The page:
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Author: SteadyAim Big gold star, 5000 posts Add to my Favorite Fools Ignore this person (you won't see their posts anymore) Number: 48343 of 51863
Subject: Re: A quick view of the FTSE100 banks Date: 20/06/2011 21:22
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Hi lfc,

Can I politely suggest that much as I like your posts elsewhere, talking about market efficiency on a Value board amounts to trolling, at least IMHO. We do not believe the market is efficient. Enough said.

For the concept being discussed, see for example: www.moneyweek.com/investment-advice/glossary/s/stock-overhan...

Now I certainly agree with you that the government's stake does not make it certain that the price will stay low ... but it does make it a very real possibility, that is the whole reason the market has invented a special word for this situation. I guess it's cause and effect - the known presence of a large seller makes buyers more likely to wait rather than buy - which means the price is less likely to rise.

SA

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Author: NeilW Big gold star, 5000 posts Add to my Favorite Fools Ignore this person (you won't see their posts anymore) Number: 48344 of 51863
Subject: Re: A quick view of the FTSE100 banks Date: 21/06/2011 07:12
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There is one other factor that you may have overlooked.

There is £130 billion of cash sat in bank's reserve accounts not doing a lot, courtesy of Quantitative Easing. (Check the bank of england balance sheet to see).

Some of that will be in RBS's reserve accounts.

It would make sense for RBS to eliminate a huge overhang of shares by using that reserve account to eliminate a load of the shares the government puts on the market. It may even make sense for RBS to borrow everybody else's reserve accounts to do the same thing.

It certainly makes sense to dump the government bonds they have been accumulating and get rid of their shares.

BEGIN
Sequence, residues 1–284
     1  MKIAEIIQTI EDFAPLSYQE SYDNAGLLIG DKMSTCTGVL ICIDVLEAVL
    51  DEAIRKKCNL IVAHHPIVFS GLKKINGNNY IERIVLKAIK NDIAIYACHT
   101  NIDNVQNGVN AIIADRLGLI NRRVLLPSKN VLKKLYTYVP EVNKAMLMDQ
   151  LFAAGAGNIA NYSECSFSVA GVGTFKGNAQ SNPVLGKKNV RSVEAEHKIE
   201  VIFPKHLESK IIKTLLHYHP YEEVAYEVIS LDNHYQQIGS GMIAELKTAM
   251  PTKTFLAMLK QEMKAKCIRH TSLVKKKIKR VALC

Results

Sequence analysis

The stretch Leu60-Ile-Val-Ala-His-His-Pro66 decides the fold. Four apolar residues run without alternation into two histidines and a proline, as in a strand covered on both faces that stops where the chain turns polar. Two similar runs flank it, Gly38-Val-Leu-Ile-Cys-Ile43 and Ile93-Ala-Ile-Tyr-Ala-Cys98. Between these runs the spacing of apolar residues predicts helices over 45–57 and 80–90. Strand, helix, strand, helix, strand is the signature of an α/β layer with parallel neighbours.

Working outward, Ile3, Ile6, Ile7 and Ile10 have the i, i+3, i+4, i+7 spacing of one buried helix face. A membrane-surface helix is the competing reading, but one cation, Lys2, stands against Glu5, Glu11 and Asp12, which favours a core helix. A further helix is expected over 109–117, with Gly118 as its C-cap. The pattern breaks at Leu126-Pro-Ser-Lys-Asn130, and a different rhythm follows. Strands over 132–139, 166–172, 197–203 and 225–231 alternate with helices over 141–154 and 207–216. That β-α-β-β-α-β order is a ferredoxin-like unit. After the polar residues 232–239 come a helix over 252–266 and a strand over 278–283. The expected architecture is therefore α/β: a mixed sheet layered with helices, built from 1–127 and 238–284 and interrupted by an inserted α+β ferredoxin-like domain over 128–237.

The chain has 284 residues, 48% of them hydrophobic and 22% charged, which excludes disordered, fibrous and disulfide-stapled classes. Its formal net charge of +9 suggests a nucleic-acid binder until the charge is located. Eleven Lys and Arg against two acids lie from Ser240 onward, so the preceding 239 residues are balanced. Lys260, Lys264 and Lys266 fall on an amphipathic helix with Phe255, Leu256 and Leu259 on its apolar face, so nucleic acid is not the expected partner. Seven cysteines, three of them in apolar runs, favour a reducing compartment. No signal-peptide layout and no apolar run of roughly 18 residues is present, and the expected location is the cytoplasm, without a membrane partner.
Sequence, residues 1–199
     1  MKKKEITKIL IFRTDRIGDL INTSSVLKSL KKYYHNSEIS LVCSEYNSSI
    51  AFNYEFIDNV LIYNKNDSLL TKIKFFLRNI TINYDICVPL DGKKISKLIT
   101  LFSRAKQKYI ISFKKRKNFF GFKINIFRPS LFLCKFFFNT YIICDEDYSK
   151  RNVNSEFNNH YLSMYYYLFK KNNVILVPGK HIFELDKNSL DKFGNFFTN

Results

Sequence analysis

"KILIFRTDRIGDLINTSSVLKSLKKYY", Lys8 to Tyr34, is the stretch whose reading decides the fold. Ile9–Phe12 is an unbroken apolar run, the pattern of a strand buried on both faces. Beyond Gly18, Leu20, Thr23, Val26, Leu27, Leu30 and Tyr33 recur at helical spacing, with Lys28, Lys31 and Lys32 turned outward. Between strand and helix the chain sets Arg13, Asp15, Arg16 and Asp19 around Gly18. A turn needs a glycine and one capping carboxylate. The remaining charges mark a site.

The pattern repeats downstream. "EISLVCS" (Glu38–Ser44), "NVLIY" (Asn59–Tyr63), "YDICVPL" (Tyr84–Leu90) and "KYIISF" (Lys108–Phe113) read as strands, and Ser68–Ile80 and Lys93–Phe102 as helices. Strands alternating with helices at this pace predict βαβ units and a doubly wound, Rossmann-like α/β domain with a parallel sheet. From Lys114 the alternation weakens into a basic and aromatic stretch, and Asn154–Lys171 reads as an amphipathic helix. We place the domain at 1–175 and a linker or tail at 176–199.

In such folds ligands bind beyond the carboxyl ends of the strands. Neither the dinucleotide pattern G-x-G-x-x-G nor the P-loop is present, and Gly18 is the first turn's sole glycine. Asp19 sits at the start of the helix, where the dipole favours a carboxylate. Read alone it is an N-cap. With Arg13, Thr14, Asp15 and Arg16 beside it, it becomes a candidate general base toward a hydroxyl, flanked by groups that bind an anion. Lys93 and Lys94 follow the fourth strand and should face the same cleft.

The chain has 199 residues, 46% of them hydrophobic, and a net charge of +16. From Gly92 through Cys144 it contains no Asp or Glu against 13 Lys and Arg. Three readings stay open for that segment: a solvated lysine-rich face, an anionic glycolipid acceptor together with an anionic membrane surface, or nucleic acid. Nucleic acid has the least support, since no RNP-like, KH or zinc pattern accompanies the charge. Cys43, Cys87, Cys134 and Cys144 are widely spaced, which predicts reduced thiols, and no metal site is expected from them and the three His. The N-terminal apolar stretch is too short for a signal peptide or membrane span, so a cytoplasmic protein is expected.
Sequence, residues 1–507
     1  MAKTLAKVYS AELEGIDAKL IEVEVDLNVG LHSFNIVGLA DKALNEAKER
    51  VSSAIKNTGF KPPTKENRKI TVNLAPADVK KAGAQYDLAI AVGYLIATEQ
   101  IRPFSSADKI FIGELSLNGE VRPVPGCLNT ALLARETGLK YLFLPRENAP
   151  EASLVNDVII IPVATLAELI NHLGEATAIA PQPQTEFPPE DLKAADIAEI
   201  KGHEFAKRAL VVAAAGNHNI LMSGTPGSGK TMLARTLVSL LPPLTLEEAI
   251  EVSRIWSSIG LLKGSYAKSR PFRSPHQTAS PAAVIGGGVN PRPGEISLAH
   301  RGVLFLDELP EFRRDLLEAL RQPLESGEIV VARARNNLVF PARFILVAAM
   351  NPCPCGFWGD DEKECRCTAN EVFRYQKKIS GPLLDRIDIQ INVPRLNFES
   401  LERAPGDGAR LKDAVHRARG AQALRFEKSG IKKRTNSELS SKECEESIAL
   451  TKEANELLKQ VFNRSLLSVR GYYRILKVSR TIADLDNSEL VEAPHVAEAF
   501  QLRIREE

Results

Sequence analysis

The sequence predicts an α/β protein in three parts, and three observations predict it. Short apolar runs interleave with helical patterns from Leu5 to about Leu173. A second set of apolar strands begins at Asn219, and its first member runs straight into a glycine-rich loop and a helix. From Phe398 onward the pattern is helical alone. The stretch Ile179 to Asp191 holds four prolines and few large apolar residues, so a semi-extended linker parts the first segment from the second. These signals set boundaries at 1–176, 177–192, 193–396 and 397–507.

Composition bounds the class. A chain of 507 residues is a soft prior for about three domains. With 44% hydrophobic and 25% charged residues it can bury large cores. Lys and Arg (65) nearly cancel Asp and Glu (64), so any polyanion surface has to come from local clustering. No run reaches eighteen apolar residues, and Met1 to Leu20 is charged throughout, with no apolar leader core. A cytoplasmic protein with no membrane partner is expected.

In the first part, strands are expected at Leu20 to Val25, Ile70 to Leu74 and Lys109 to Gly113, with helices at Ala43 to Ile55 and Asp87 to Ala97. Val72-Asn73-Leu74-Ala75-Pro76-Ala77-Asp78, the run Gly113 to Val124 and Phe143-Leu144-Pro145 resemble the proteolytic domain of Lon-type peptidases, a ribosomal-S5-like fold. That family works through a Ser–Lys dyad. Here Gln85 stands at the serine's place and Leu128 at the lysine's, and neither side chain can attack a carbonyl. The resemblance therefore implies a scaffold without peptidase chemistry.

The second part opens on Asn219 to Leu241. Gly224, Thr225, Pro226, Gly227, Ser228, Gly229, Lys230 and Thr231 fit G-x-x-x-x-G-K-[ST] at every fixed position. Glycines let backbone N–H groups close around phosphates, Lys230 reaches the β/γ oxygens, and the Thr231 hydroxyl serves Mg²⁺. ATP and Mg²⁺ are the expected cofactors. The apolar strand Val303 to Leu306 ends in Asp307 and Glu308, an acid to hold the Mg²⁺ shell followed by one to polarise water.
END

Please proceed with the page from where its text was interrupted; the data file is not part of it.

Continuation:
How does that affect the numbers?

NeilW

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Author: anthonyms Big gold star, 5000 posts Add to my Favorite Fools Ignore this person (you won't see their posts anymore) Number: 48345 of 51863
Subject: Re: A quick view of the FTSE100 banks Date: 21/06/2011 07:51
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How does that affect the numbers?
I dunno Neil what do you think?
a

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Author: lookingforclues Big gold star, 5000 posts Add to my Favorite Fools Ignore this person (you won't see their posts anymore) Number: 48346 of 51863
Subject: Re: A quick view of the FTSE100 banks Date: 21/06/2011 10:29
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Hi SA

Can I politely suggest that much as I like your posts elsewhere, talking about market efficiency on a Value board amounts to trolling, at least IMHO. We do not believe the market is efficient.

Me neither. However it gets closer to it as the value becomes more obvious. An example would be the UK gilt market where there are many different flavours but they all trade bang on the current yield curve pretty much all the time including large new issues. So, for example, if HMG sell £billions of a 4% 2020 gilt into the market it will quickly tend to a GRY identical to similar maturities. So, basically, believing in market inefficiency is one thing but not to the extreme of thinking that it's easy to spot.